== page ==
'Whipping Boys' The Erosion of German Democracy
Postwar German democracy has been a success story. But the election victory of Donald Trump in the US has also highlighted growing fractures between voters and political leaders in the country. Many fear that democracy is eroding. By SPIEGEL Staff
In recent weeks, the sense of concern in the Chancellery had become increasingly palpable. With just a year to go until the next parliamentary elections in Germany, Chancellor Angela Merkel had still not announced whether she would run for a fourth term or not -- and her silence was not seen as a positive omen.
Last week, though, the mood among the chancellor's staff in Berlin began to brighten. Donald Trump's election in the United States, many of her aides felt, made it more likely that Merkel would campaign for re-election. And on Sunday, she finally put an end to the speculation and announced her candidacy.
In the press conference following her announcement, Merkel made certain to deny media pronouncements -- made by, among others, the New York Times -- that the German chancellor was now the de-facto ruler of the free world. Such a notion was "grotesque" and "absurd," she said.
But is it? Trump's victory, after all, has changed the world. Up until Nov. 8, it seemed unimaginable that the West could in fact be in danger of destroying itself; that the very citizens who enjoy the freedoms guaranteed by Western liberalism could endanger the West by their own loss of faith in democracy. It proves that philosopher Jürgen Habermas was right to speak of "the shattering of political stability in our Western countries as a whole." The fundamental values of democracy -- enlightenment, the rule of law, respect and decency -- are no longer self-evident. And that holds true in Germany as well.
Trump's election victory has now presented Germans with the question: How well does our own democracy work? Could someone like Trump be possible here too?
Germany, of course, isn't America. So far, the country's historical sense of guilt for the horrors of World War II has inured the republic to right-wing siren songs. Furthermore, German politics is less polarized, less oligarchic and less corrupt. In Germany, you don't have to be a multi-millionaire to become chancellor, the social safety net is stronger and the cracks in society aren't as deep.
Nevertheless, Germany has become all-too-familiar with the symptoms: hatred of the elite; disgust with politicians who have allegedly plundered the state; and contempt for business leaders and journalists. In Germany too, alienation is felt by many and public dialogue has become less restrained and more aggressive, particularly in social media channels such as Facebook and Twitter.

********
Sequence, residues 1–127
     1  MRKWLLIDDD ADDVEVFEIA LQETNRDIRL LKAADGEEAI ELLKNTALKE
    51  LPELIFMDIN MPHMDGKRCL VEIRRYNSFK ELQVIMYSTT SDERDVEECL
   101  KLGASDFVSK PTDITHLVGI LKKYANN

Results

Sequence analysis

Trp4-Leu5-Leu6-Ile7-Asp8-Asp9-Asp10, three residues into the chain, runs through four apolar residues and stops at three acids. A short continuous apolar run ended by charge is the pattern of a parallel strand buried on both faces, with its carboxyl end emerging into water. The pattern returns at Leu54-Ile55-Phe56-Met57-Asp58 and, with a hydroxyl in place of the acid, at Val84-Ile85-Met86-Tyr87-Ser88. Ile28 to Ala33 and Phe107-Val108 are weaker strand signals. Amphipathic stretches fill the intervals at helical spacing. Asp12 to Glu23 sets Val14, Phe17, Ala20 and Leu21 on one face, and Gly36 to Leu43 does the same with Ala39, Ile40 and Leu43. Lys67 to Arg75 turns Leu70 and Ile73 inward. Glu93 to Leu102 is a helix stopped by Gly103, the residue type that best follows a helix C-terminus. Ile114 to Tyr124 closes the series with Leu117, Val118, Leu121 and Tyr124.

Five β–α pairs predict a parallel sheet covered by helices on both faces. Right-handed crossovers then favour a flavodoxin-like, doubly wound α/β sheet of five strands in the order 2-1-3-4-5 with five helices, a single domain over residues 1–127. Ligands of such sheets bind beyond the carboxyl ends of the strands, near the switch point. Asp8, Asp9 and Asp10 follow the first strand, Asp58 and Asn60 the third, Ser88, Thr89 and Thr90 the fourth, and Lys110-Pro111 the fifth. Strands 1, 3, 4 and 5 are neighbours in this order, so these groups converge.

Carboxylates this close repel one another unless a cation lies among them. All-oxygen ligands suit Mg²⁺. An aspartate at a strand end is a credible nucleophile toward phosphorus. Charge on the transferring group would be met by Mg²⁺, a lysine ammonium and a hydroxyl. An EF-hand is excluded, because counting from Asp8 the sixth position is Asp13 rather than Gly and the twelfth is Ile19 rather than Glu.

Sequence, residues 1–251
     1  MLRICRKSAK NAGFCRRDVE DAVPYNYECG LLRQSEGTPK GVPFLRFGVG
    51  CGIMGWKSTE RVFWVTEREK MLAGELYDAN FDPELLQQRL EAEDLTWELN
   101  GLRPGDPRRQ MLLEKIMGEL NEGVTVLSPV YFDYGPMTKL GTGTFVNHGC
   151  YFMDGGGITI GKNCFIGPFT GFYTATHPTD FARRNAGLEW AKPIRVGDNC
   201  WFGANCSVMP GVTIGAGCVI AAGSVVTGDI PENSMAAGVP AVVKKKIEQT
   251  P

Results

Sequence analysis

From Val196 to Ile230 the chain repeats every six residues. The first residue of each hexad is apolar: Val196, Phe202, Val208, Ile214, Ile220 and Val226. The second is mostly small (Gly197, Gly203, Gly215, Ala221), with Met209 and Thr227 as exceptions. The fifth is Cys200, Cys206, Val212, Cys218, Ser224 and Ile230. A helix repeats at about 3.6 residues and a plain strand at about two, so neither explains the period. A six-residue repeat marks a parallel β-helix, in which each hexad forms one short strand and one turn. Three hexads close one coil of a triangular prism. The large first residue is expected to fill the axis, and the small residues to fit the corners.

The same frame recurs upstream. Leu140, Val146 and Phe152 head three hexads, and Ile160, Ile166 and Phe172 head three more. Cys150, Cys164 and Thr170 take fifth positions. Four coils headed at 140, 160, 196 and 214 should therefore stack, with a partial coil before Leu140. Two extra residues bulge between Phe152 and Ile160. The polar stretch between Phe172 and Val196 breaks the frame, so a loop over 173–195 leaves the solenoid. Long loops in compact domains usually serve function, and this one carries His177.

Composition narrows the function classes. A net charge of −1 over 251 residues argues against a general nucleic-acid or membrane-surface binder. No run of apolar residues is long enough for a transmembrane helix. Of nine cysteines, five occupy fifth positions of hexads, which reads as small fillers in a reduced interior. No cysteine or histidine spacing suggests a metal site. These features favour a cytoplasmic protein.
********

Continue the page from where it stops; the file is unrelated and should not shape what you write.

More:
Such developments notwithstanding, German postwar democracy has been an enormous success. For decades, strong center-right and center-left parties (the Christian Democratic Union (CDU) and the Social Democratic Party (SPD) respectively) managed to anchor even fringe right- and left-wing voters in the political process. Furthermore, politics developed in parallel with German society, resulting in the emergence of parties like the Greens, the Left Party and the Pirate Party.
Today, though, that system is eroding. The political front lines are no longer between the left and right, but between the center and the fringes, between the democrats and the populists, between the defenders of fundamental values and those who call them into question. Following March elections in the eastern German state of Saxony-Anhalt, the CDU and SPD didn't even get enough votes between them to form a governing coalition and had to invite the Greens to join them.
The causes for this shift are many. A significant number of voters feel that their concerns and fears are no longer being represented and that politicians are no longer listening. They feel that the political system isn't meeting their needs for social stability and state control, for home and identity. And they feel they are no longer welcome to say what they feel because opinions are instantly labelled as unacceptable. Yet far from healing the political rifts, repudiation and ostracism have merely made the problem worse. We have now arrived at a situation where the favorite political palliative -- "we have to take voters' concerns seriously" -- no longer has an effect. And nobody knows what to do.
Populists have jumped into the gap. They claim to represent the true will of the people and reject both political correctness and the notion that politics is a debate-driven search for balance between competing convictions and interests.